Interestingly, at least for the .375 Winchester, when Hodgdon lists a maximum load, they mean it. For the 200 grain Sierra bullet, Hodgdon lists a maximum load of H322 as 42.0 grains. This load gave Hodgdon 2,419 fps from a 24" barrel at a listed pressure of 46,900 CUP.
I duplicated this load with Winchester .375 brass trimmed to 2.010" and Winchester large rifle primers. Overall loaded length was 2.55". My 20" Big Bore gave an average velocity of 2,277 fps with an extreme spread of 12 fps. Using pressure ring measurements to track the increase from published starting loads to Hodgdons listed maximum gives a reliable indication of where to stop when working with other powders. My rifle expands the pressure ring a full .002" with this load. This is a good indication this is indeed, a full power load.
Hodgdon lists 38.0 grains of H4198 as pushing a 200-grain Sierra bullet 2,480 fps from a 24" barrel with a pressure of 50,600 CUP.
Duplicating this load, my 20" Winchester gave 2,308 fps with an extreme spread of 18 fps. This maximum load expands the pressure ring on my cases .0021". This, is a maximum load.
Working with Hodgdon Benchmark and the 200-grain Sierra has been rewarding. 41.0 grains of Benchmark pushes the 200-grain bullet 2,176-fps from my 20" Big Bore. This load expands the pressure ring .0016" in my rifle. The indications are that this load could be increased. The case is getting pretty full though, so there is not much room remaining to work with. With this load the extreme spread is 30 fps. The extreme spread has dropped steadily from the starting load to this point.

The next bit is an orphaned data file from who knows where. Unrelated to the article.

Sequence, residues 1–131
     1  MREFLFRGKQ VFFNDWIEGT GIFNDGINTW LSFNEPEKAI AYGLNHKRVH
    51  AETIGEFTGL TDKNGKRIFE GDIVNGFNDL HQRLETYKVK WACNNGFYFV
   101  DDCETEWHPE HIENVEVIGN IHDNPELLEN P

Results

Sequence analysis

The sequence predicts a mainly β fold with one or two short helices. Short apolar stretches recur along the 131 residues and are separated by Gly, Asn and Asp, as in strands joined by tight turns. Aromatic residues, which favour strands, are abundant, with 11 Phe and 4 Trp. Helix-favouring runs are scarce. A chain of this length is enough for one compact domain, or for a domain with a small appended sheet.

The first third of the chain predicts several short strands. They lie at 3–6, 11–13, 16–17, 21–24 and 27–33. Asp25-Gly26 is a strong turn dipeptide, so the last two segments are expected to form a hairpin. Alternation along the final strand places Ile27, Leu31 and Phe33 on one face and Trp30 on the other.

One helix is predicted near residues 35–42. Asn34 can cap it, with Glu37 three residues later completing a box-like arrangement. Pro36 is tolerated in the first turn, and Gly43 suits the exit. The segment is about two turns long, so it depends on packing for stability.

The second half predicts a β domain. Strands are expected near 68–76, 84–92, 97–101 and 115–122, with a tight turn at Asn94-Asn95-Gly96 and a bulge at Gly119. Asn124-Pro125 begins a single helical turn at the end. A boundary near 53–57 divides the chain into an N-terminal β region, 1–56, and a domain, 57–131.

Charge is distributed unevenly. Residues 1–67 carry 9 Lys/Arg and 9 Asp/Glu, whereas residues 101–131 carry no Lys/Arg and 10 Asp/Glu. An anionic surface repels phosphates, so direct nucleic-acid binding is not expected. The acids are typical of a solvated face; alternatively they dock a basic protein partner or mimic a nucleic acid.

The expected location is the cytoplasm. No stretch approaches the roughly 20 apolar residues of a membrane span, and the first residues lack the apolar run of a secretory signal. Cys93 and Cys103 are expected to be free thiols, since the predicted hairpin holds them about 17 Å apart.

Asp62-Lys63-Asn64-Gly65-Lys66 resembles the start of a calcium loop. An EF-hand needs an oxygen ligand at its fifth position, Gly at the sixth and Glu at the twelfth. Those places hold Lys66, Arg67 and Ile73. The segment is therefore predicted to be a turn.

The limited case capacity of the .375 Winchester seems to make it a little better candidate for the short barrel "timber rifle" or "airplane gun" format. With the 200-grain Sierra bullet the limited recoil makes it possible to shoot some very good groups from the bench. While I do not have the requirement that you do for deep penetration I am interested in the heavier bullet weights. As I begin to work with heavier bullets it will be interesting to se if I can control the rifle as well.

Have you tried the Barnes X bullets in your Winchester yet?
 

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Discussion Starter #12
I have not tried Barnes X in anything except a .30-06. I am going to stick with the 1680 in the .375 Win. Marshall and AA's loading manual show this to be a great powder for the .375 Win. I have not been working on these loads for a while. I was using my .405 and a .375 H&H for moose and deer (on Kodiak Isl. - thus the .375 H&H for deer!)